Fritjof Fagerlund and Alexandra Morozova won Ultravasan 90 2018
A record number of participants came to the start of the fifth Ultravasan, which ran under ideal conditions: 1,042 runners took off from Sälen at 05:00 to run 90 km while 802 runners started in Oxberg at 07:00 to run 45 km. Fritjof Fagerlund, LK Roslagen, and Alexandra Morozova, Russia, are the winners of Ultravasan 90 2018. David Nilsson, Högby IF, and Lisa Ring, IK Nocout, won Ultravasan 45.
Fritjof Fagerlund completed Ultravasan 90 with the second fastest time in the race’s history, 6.01:56, and Alexandra Morozova won with a new record time for the women’s class, 6.43:55.
“It felt like I was in really good shape today,” said Fagerlund after his victory.
“I’m so glad and happy,” said Morozova, who set a new track record.
Ultravasan 90 Men
In the men’s class it was down to three runners after the Risberg checkpoint: Patrick Reagan, USA, Fritjof Fagerlund and Norwegian Didrik Hermansen.
Hermansen took the spurt prize in Evertsberg slightly ahead of Fagerlund. Reagan was then about 20 seconds behind. Fagerlund and Hermansen ran together after Evertsberg but when the track levelled out Fagerlund took command and slowly but surely pulled ahead of the Norwegian.
“I thought Patrick was saving his strength behind me and would come up. But he never did. So I thought I’ll just keep going at an even pace. It was important not to get too eager,” says Fagerlund who came second in the race 2016.
At the Oxberg checkpoint he had created a lead of 2 minutes and 15 seconds. Fritjof continued at an even pace all the way to the finish in Mora and crossed the finish line 8:34 minutes before Reagan. Hermansen, in third place, came in at 13:31, two minutes ahead of the second Swede, Joacim Lantz, Ockelbo.
Fritjof Fagerlund decided to take on the 90 km challenge just a few days before the start. His plan had been to run Ultravasan 45 since the 100 km World Championship is just three weeks away.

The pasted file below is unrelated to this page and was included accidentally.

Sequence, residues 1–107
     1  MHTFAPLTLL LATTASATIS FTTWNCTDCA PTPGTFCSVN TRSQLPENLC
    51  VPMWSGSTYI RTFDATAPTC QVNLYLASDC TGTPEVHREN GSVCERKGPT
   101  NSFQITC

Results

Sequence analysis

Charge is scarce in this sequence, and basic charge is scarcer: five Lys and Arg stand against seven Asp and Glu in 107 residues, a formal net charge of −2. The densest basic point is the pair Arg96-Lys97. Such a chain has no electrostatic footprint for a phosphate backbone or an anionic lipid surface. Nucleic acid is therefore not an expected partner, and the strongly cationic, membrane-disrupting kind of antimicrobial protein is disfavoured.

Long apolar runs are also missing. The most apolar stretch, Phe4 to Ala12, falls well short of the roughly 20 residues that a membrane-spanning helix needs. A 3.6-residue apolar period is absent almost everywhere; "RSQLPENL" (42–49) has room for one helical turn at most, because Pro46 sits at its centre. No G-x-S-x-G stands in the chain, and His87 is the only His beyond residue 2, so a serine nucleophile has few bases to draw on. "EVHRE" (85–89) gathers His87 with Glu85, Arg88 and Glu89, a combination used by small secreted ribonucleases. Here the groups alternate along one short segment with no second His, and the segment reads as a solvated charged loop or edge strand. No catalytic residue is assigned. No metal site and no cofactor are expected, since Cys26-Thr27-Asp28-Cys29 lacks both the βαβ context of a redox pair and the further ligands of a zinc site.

“I didn’t have a real plan. I decided so late to run the 90 km. But I knew I’d had a very good training period. I felt very stable and in good shape. I really wanted to run this race,” says Fritjof.
How did the race develop when the three of you shared the lead?
“It felt like all three of us were very strong. Then Didrik really wanted the spurt prize in Evertsberg. That comes with a certain risk. I thought I would stress him out a bit, so he had to work for it.”
That may have been a deciding factor in Fagerlund’s favour. Did things get critical at any point during the final 10 km?
“You’re always a bit unsure what will happen at the end of a race. But it felt good. After this I’ll have to rest up properly to prepare for the World Championship.”
In his everyday life Fritjof Fagerlund is a university lecturer in Uppsala, working with groundwater. He does both research and teaching at Uppsala University. A large part of Fritjof’s preparation has been transport training to and from work to connect the everyday life aspects of job, family and training.
Fritjof is from Åland and a Finnish citizen originally but holds dual citizenship. When he ran his first World Championship he could choose between representing Finland and Sweden and he chose Sweden because ultrarunning activities are more developed here.
American Patrick Reagan repeated his second place from last year.
“They ran hard for the spurt prize and I wanted to save some of my strength. Fritjof was very strong today and I’m happy with my achievement,” says Reagan.